UK position on Horizon Europe up in the air as government implodes and science minister resigns

07 Jul 2022 | News

George Freeman says chaos in government is damaging negotiations on international science agreements, as UK prime minister Boris Johnson is forced out of office

George Freeman, UK science minister. Photo:

UK science minister George Freeman has resigned, fuelling uncertainty around the UK’s months-long battle for Horizon Europe association and the prospects for an alternative UK programme.

Freeman was among the mass ranks of ministers who left Boris Johnson’s government over the past three days, forcing Johnson to step down as prime minister this morning.

Following Johnson’s resignation, Freeman took to Twitter to call for a caretaker government to be put in place to ensure offices of state are not empty while the Conservative party looks for a new leader.

Others have joined Freeman in that call, but Johnson has said he will stay in place until his replacement as leader of the party is elected, a process that is not expected to complete until September.

There are precedents for prime ministers who resign to stay in office pro tem, but the convention holds that they run a holding operation and will not institute policy changes. Johnson however, is anything but conventional, and has repeatedly broken the unwritten ‘rules’ by which the UK constitution operates.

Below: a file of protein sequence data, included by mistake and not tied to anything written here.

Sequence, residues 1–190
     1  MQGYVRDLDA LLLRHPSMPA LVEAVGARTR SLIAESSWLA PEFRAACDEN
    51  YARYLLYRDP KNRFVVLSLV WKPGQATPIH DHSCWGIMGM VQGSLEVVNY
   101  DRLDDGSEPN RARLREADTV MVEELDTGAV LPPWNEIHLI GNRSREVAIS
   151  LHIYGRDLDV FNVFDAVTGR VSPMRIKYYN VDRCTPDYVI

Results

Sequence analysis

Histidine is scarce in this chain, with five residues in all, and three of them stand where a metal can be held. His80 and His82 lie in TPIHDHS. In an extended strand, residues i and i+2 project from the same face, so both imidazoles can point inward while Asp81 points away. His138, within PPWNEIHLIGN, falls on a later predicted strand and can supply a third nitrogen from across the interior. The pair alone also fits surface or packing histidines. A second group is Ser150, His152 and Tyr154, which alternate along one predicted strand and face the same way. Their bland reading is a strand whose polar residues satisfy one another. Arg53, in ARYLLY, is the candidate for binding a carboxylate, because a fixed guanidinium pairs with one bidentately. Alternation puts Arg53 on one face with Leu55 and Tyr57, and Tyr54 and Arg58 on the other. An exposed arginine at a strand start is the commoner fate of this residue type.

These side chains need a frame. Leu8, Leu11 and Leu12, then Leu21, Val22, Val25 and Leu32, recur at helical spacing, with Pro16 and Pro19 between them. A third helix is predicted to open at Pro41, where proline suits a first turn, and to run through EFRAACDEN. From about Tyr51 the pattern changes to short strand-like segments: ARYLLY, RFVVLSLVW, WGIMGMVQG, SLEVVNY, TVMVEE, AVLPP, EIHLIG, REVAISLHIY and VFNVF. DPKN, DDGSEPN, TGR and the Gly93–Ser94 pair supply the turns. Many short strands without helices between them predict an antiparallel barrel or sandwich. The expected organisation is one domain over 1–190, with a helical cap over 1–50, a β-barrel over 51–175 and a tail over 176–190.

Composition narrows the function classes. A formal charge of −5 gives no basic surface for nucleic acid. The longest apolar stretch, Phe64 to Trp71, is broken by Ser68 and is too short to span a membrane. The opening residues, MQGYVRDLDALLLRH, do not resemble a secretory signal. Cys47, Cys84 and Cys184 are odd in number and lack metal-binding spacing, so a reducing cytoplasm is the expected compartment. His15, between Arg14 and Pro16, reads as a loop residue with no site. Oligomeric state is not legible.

However, it seems unlikely that the EU and the UK will be engaging in any further negotiations over the Northern Ireland protocol while a caretaker UK government is in place, meaning there is no immediate prospect of removing the barrier to UK association to Horizon Europe.

With Parliament due to go into recess for the summer, there will be limited business. But the extent to which the UK government will be functioning and the implications of Freeman’s resignation for the launch of the UK’s Plan B alternative to association to Horizon Europe remain to be seen.

With the standoff over the Northern Ireland protocol still unresolved, Freeman has been pushing forward Plan B with a view to launching it in the autumn.

During a recent visit to Brussels, Freeman said the association row must be resolved by autumn. If not, the UK’s alternative international science programme will kick into gear.

Following his resignation, Freeman said instability in the government “is damaging our international reputation. I'm trying to negotiate major international agreements on science and technology and you can't do that with this chaos,” he told the BBC.

In his letter withdrawing support for Boris Johnson’s premiership, Freeman stressed the need to resolve the UK's membership in Horizon Europe.

Shadow science minister Chi Onwurah took to Twitter to criticise the Conservative government for failing to take science seriously during its three-year run, blasting Johnson’s willingness to sacrifice world-leading research “for his own vanity.”

“Scientists, researchers, companies, investors, the general public and now even the science minister don’t have confidence in the Conservative government to support UK science,” said Onwurah.

The European Commission declined to comment.

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